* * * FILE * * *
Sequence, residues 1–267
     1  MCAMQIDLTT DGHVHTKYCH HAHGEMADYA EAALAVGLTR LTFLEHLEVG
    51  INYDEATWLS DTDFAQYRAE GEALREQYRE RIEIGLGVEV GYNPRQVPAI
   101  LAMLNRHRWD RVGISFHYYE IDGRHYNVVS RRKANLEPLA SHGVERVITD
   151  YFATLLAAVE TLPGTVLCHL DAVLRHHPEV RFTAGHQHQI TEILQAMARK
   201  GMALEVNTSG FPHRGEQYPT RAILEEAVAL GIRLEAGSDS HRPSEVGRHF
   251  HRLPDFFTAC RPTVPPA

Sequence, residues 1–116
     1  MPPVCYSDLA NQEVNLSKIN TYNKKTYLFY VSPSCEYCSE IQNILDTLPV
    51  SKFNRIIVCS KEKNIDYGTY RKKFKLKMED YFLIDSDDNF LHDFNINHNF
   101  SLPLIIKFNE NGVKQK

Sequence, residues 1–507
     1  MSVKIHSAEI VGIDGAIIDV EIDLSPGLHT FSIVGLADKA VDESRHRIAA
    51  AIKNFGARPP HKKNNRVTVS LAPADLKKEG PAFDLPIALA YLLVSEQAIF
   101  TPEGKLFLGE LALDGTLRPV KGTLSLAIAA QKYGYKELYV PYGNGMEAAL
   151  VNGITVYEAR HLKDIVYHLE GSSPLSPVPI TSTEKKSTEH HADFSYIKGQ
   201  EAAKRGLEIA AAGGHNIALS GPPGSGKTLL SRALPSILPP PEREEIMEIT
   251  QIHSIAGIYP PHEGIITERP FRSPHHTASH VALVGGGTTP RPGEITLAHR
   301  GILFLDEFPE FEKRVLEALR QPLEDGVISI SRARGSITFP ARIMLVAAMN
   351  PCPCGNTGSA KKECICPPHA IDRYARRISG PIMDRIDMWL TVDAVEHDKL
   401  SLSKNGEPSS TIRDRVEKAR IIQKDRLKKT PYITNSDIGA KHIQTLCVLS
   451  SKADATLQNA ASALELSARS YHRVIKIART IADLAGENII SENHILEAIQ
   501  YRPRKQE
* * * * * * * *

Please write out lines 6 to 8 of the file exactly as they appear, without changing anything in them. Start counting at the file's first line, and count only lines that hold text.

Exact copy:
   201  GMALEVNTSG FPHRGEQYPT RAILEEAVAL GIRLEAGSDS HRPSEVGRHF
   251  HRLPDFFTAC RPTVPPA

Sequence, residues 1–116